Updated: Nov 30, 2019
A chaotic, jewel-toned race to the finish
Streaming on Netflix | 2019 | TV-14 | 1 season, 8 episodes
Genre: High School Dramedy
Why We Watched: We haven’t been lucky enough to watch Ben Platt as the titular character in Broadway hit Dear Evan Hansen, but are obsessed with his voice. We both first “met” him when he played an awkward, magic-trick loving a capella singer in Pitch Perfect. We heard him on a podcast last month talking about his new show and immediately knew we’d watch it. You Might Also Like: It’s October, y’all, which means it’s time for horror. And Ryan Murphy—creator of The Politician—has a lot to offer in that genre. Resident What-to-Watch List horror expert Liz says American Horror Story (AHS Coven, especially) is a must-watch, but even better is Scream Queens: “It’s campy and terrible and funny and very much the aesthetic of The Politician. IMHO, they have many of the same pitfalls and enjoyments. As with any Ryan Murphy project, we learn to take the good with the bad!”
Since Nip/Tuck first aired in 2003, Ryan Murphy and Brad Falchuk have been unstoppable. The duo has cranked out hit show after hit show. Glee, American Horror Story, Pose, and now The Politician have become mainstream behemoths; everyone, it seems, has watched and loved at least one of them. No matter the subject, these shows are instantly identifiable by their overwhelming campiness. From the characters to the songs to the costumes to the plots, they’re just a few notches past extra—and that’s why we love them.
The Politician follows Payton Hobart (Platt), a high school senior who is determined to become president of the United States of America. But before he gets there he has to navigate an even more treacherous presidential campaign: Saint Sebastian High School. Hobart is obsessed with winning this race (bringing us major Election vibes) because he is convinced it will set the tone for every other election up to and including his bid for the U.S. presidency. And his faithful team of advisors, Alice Charles (Julia Schlapfer), McAfee Westbrook (Laura Dreyfuss), and James Sullivan (Theo Germaine) believe in him wholeheartedly. They’re committed to seeing Payton all the way to the highest office in the country and are willing to do whatever it takes to get him there. Court undecided voters in bathrooms to ensure they’ll vote for Payton? Done. Orchestrate a fake cheating scandal to gain sympathy votes? Done. Entertain murder so that the election is an undeniable win? Done. (Keyword: entertain.)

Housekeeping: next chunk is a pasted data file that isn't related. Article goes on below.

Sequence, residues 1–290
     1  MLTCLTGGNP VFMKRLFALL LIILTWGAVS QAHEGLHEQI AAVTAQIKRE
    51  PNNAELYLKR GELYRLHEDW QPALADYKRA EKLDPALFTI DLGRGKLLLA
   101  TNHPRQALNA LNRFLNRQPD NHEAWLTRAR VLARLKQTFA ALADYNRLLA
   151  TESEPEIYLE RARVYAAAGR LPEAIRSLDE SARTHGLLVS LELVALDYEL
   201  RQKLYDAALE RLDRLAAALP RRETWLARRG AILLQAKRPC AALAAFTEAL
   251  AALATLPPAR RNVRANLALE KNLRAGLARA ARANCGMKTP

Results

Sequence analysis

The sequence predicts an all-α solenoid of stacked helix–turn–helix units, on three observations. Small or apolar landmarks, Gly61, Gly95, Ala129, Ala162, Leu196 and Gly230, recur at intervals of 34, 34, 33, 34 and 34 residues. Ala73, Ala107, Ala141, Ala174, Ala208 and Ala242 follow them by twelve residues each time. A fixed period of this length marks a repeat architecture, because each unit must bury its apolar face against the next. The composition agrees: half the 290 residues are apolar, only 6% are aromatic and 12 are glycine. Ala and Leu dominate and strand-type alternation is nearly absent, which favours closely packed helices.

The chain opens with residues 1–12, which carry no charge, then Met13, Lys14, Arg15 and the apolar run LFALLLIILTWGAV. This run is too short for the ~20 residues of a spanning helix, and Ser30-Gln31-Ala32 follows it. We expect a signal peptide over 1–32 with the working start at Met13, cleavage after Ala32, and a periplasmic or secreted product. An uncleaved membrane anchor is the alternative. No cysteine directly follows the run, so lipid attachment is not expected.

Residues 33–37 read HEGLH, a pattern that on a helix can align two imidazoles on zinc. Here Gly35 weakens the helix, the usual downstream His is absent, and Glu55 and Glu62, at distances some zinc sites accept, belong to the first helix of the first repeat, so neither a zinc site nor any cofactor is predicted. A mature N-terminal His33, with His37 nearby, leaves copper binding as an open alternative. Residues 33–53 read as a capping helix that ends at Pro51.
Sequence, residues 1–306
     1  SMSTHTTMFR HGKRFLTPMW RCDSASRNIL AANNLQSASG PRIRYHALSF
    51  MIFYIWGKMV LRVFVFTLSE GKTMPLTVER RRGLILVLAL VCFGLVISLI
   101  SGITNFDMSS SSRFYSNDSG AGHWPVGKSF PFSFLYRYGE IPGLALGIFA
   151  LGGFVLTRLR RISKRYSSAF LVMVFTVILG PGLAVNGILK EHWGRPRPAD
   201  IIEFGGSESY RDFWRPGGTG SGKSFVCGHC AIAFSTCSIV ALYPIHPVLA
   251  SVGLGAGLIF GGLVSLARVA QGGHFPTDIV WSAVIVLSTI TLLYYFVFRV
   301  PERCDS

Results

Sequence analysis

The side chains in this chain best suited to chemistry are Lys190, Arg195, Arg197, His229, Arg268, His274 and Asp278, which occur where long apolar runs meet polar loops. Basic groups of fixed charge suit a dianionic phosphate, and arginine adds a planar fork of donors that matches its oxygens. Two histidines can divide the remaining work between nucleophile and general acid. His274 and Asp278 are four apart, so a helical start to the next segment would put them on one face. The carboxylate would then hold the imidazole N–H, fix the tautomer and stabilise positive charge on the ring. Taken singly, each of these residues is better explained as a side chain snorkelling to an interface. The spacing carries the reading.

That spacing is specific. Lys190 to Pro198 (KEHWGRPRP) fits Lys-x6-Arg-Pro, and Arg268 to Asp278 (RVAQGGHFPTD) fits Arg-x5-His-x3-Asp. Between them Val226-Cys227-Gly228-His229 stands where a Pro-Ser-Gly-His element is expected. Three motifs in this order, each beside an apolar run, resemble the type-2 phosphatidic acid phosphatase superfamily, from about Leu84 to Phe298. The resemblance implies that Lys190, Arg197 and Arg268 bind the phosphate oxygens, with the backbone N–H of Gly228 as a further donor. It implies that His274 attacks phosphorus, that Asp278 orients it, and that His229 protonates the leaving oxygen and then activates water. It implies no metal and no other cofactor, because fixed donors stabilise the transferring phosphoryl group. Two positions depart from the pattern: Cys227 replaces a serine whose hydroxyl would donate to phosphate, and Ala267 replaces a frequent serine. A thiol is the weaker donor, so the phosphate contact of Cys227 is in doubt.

What transforms The Politician from a generic high school election story into an absurdly compelling TV show is, in part, the casting. Take Gwyneth Paltrow, who plays Payton's adoptive mother, Georgina Hobart. Georgina is loving and magnanimous and wise. She raffles off her expensive jewels and donates the proceeds to charity, puts crystals by her son’s head to heal him while he’s puking in a toilet, and exiles herself to an ashram when her filthy-rich husband cuts her off. While Georgina wears caftans and Victorian gowns unironically, of course, Paltrow as the character wears them ironically. In this role, Gwyneth embodies a parody of her own Goop-y persona, which makes Georgina Hobart all the more layered and interesting. Supplemented with standout performances from Zoey Deutch, Jessica Lange, and January Jones, to name a few, The Politician thrives on a cast that balances unironic sincerity with ironic outlandishness.
And The Politician is truly outlandish, garish even—all jewel-toned, gothic panache. The tone is set from the outset in the opening credits, which assembles a menagerie of objects that define Payton Hobart. Metallic school pins and biographies on recent presidents, yes, but also signed blank checks and bright colored heaps of prescription drugs. With a Wes Anderson-style color palette and attention to detail, these items converge into a mannequin that melts and transforms into Payton. The opening questions whether Payton is merely, or more than, the sum of his parts. And this captures one of the central struggles of the show: are ambition and feeling mutually exclusive? Can you do good things without being a good person? Does it matter? The plot is emotionally oversaturated with nastiness and selfishness, and excessively concerned with the tension between motives and deeds. Just when the show starts to get too slimy, though, Murphy offers viewers breathtaking moments of authenticity and raw emotion, like Payton’s tear-inducing rendition of Joni Mitchell’s River at the end of the pilot. These breaks from campiness and absurdity are when the show does its best work and allow it to broach sober topics, including suicide and terminal illness, with sincerity.
While The Politician leaves room to deepen some of its narrative arcs and characters—Ricardo and Skye, in particular—it’s a show that will keep you on your toes from start to finish. The performances and the stylish flair undoubtedly make it worth a watch, and the set-up for Payton Hobart’s next campaign anticipates a promising chapter for the already-planned second season.
This one deserves your vote, y’all. Happy streaming.
—Tess and Grace